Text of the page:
About US$77,000 recently disappeared from the desk drawer of a senior Ho Chi Minh City official, an amount that he claimed to be his modest life savings.
The lost money belonged to Dao Anh Kiet, director of the city's Department of Natural Resources and Environment.
On Monday, an official at the District 1 police force said the agency had transferred the case to the city police for further investigation.
Kiet discovered the disappearance at the office on a recent morning, news website VietNamNet quoted an unnamed source as saying without mentioning a specific date.
Kiet reportedly asked a guard to notify the local police. He claims that he lost VND1 billion ($47,120) and $30,000 in US currency. He described the amounts as his saving.
Vietnam’s GDP per capita income was $1,890 last year and the government is seeking to raise the minimum monthly wage to VND2.42-VND3.1 million ($114-146) in 2015.
Speaking to VietNamNet on the phone, Kiet asked the news site not to report the case and hesitated to talk about the lost money. This is a “personal matter," he said. "What are you asking for?” “[It’s] not much”, “the press should not cover this.”
This is not the only recent case of thieves targeting a governmental official.
Last month, four thieves were jailed for between 12 and 21 years for stealing over a hundred thousand dollars worth of property from a senior official last year.
According to the indictment, at midnight on January 1, 2013, they broke into the house of Dang Xuan Tho, director of the finance department in the Central Highlands province of Kon Tum and stole more than 2.3 kilograms of gold, jewelry, a laptop, a gaur horn and a stun gun.
The estimated worth of the haul was VND2.8 billion (around US$143,000).
Tho's wife, Tran Thi Xuan Lan, who is also a senior official at the Gia Lai Tax Department, initially tried to play down the value of his lost property by telling the local police that the thieves had stolen 150 grams of gold from the house.
The crime prompted the provincial Party unit to check Tho's yearly declaration of income and assets in order to determine the origin of the stolen property.
In another case, Dang Ngoc Tan was sentenced to seven years in jail in June of 2013 for stealing more than VND10 billion ($472,000) from several government officials in the central city of Da Nang and neighboring Quang Nam Province since 2010.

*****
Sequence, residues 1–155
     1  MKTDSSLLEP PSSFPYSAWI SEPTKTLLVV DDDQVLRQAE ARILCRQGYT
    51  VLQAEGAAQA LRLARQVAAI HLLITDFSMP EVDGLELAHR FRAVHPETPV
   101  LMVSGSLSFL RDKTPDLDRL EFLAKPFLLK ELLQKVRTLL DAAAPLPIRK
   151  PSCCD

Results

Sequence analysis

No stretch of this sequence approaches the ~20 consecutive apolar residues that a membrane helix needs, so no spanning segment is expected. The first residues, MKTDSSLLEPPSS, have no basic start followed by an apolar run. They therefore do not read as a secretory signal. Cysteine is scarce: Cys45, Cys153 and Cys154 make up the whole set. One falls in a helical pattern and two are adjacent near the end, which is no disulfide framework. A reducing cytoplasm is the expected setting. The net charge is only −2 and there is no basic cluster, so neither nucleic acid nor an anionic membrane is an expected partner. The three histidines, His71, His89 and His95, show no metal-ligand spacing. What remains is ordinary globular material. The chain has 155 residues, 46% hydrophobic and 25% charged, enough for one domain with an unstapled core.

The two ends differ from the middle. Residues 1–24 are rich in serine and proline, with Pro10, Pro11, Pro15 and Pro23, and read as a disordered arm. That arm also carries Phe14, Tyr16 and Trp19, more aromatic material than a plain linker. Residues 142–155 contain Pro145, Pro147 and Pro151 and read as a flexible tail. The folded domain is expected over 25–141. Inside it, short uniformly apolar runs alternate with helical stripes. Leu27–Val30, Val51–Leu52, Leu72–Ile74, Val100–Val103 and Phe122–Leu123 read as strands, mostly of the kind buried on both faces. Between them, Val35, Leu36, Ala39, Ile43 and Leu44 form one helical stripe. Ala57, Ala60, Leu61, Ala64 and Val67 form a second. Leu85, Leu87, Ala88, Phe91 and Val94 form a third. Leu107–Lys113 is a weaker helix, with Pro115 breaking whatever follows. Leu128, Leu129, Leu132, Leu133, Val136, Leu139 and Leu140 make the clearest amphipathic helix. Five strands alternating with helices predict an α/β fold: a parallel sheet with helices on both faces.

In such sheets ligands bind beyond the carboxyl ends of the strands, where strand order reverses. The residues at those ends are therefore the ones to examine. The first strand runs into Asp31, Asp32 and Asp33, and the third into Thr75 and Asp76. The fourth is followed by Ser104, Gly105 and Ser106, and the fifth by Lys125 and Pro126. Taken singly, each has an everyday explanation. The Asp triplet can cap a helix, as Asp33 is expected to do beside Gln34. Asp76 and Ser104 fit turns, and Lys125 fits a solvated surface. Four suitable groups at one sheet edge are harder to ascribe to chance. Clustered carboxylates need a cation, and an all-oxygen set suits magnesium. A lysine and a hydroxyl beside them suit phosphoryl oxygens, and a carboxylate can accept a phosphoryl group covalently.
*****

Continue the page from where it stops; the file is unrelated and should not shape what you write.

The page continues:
The victims included Nguyen Thanh Quang, director of the Quang Nam Department of Agriculture and Rural Development, Hoang Duong Viet Anh, son of a former chairman of the Da Nang People’s Committee and Le Thi Thuy, a spokesperson and wife of the director of the central region’s electricity transmitting company.
A 2012 study by the Government Inspectorate and the World Bank found that many Vietnamese government officials earn from "unofficial" sources.
Of nearly 2,000 officials in 10 localities and five central government agencies, 79 percent were found to have other incomes on top of salaries and official bonuses like payments for attending meetings, gift money and others.
More than 82 percent of those earning extra money said it amounted to less than half their salaries, 11 percent said it was 50-100 percent of their salaries, and the rest admitted it was up to five times their salaries.
A government decree that requires officials and lawmakers to reveal their incomes and assets annually fails to plug major loopholes that enable people to get away with corruption, analysts say
Perhaps the most glaring is that the declarations of assets would not be accessible to the public online, they say.
Vietnam has made little headway in the latest corruption rankings by the Berlin-based watchdog Transparency International.
The 2013 Corruption Perceptions Index, which measures the perceived levels of public sector corruption, sees Vietnam up just seven spots to 116th out of 177 countries and territories with a score of 31/100.
In Southeast Asia, it ranks seventh behind Singapore, Brunei, Malaysia, the Philippines, Thailand, and Indonesia.